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PNY GeForce GTX 780 OC 3GB Review

SKYMTL

HardwareCanuck Review Editor
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Joined
Feb 26, 2007
Messages
12,857
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Montreal
When PNY approached me to review their GTX 780 a few weeks ago, I had the same thought many of you likely had: what’s so special about a year-old GPU that has since been surpassed by the GTX 780 Ti? The answer to that is pretty straightforward. While the GTX 780 may not be grabbing any headlines these days, it resides in a pricing segment right between NVIDIA’s flagship parts and the slightly more affordable GTX 770. This means from a price / performance standpoint, particularly against AMD’s current crop of GPUs, it is still a big deal and represents a solid investment.

PNY is very much hell-bent on relaunching their GeForce lineup after a brief hiatus and that means aggressive positioning in two key areas: warranty coverage and cost. With a price of just $510, their GTX 780 OC has one of the lowest costs of any custom-built GTX 780 currently available and it’s backed up by a lifetime warranty that none of the competition comes close to matching. At first glance this combination may not be enough to convince gamers to ignore the offerings from the likes of ASUS, EVGA and other industry big-wigs but the PNY OC brings a whole lot more to the table than just affordability and backend support.


The GTX 780 OC lies within PNY’s long-running XLR8 lineup which means it receives an out-of-box overclock. What I wasn’t expecting was how far they were able to push this card considering its price. On paper at least, it is the fastest GTX 780 we’ve tested to date, even outstripping the specifications for MSI’s GTX 780 Lightning and EVGA’s GTX 780 Classified. While the Lightning has been officially EOL’d, the Classified is still available but carries a $50 premium over PNY’s offering.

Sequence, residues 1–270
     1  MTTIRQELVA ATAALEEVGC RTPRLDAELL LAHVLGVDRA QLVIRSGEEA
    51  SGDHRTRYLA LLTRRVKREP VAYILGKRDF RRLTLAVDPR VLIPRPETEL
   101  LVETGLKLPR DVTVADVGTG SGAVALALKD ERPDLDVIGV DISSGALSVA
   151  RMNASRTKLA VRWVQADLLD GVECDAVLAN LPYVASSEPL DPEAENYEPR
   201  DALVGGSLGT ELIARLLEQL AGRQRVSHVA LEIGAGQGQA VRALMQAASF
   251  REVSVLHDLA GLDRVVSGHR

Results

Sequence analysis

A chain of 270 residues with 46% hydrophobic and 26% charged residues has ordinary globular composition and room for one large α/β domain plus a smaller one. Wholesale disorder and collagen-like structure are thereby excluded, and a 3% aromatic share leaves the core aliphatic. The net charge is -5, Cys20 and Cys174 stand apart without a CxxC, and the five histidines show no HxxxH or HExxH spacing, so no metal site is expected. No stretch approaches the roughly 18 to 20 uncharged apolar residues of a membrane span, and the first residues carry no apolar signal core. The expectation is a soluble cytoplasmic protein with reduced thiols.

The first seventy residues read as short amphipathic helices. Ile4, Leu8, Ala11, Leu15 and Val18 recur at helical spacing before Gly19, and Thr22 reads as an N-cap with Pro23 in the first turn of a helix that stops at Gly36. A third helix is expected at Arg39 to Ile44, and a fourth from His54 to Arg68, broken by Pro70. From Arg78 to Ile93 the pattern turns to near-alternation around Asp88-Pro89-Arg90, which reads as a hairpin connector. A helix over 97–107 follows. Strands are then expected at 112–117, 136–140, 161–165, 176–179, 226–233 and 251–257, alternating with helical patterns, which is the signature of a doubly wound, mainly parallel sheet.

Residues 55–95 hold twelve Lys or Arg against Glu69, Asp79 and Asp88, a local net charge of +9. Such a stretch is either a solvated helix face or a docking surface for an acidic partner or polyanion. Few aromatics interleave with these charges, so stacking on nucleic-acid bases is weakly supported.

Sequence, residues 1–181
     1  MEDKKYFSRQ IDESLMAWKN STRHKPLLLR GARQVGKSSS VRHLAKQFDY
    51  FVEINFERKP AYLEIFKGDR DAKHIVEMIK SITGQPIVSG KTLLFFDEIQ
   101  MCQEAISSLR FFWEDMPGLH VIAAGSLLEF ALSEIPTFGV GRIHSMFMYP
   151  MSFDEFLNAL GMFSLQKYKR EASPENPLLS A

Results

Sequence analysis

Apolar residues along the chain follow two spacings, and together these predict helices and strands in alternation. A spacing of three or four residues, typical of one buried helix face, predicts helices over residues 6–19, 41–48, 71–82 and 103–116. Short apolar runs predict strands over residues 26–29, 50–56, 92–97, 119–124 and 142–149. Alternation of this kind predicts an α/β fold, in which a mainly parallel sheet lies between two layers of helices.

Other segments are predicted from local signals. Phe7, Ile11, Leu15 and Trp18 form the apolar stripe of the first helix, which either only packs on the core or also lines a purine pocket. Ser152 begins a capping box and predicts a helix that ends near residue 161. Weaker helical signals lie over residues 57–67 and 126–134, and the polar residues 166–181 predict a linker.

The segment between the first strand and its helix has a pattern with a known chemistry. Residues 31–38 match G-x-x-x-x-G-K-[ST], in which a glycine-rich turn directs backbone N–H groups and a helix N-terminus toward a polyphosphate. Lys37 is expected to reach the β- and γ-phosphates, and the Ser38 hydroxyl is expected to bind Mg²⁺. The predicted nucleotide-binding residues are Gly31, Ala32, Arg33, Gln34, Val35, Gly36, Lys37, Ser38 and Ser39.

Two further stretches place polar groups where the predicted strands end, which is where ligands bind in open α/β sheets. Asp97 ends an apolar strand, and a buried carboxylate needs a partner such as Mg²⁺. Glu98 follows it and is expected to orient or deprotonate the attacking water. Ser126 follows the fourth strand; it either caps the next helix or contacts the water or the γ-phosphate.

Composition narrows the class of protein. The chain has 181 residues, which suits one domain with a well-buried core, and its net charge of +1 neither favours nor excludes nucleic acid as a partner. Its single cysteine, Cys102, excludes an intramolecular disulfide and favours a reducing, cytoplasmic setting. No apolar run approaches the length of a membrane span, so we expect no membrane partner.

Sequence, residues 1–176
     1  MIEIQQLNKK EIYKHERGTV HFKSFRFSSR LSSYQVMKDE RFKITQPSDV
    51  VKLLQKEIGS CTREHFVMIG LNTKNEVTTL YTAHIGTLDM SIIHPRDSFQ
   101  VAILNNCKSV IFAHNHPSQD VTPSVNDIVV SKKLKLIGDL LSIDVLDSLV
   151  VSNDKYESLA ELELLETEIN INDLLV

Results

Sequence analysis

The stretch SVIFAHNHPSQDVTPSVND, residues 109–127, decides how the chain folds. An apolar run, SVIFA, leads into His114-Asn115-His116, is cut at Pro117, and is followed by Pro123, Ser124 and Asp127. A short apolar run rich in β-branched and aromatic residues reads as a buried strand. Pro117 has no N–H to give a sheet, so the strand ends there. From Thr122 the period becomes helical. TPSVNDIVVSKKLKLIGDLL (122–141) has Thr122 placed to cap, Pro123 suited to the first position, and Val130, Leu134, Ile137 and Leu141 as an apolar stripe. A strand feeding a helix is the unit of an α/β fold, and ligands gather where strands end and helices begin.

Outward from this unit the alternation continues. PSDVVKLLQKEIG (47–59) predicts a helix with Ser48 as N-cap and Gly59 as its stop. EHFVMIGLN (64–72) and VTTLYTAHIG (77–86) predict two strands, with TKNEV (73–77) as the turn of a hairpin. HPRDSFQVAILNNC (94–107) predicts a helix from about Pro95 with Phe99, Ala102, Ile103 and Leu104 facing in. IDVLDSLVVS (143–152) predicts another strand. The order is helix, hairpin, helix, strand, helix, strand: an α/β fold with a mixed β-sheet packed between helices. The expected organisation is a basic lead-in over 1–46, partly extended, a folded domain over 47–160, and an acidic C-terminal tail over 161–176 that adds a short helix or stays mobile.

Much of the GTX 780 OC XLR8’s capabilities come from careful binning of parts by PNY. Both the memory modules and cores are put through a stringent classification process with only the best making it onto the OC SKU while the rest are cascaded downwards to reference-based cards. This means PNY’s offering is one of the only GTX 780’s on the market to offer pre-overclocked GDDR5, in this case hitting the 6.2Gbps mark.


With a trio of dust-proof fans and a relatively sleek black and yellow shroud, the GTX 780 OC looks a lot like the GTX 770 OC2 4GB reviewed last week but using an expanded heatsink design. You may notice that PNY has uses a pair of 75mm fans as well as a single 80mm unit. Basically, the two outside-positioned fans have a higher static pressure envelope to push though the dense fin arrays while the center one focuses its airflow towards PWM components and over the exposed heatpipes.

That layout is the main contributor to this card’s somewhat extreme length of 11 7/8”, which won’t have problems fitting in most modern ATX cases but some mATX setups may have issues accepting it.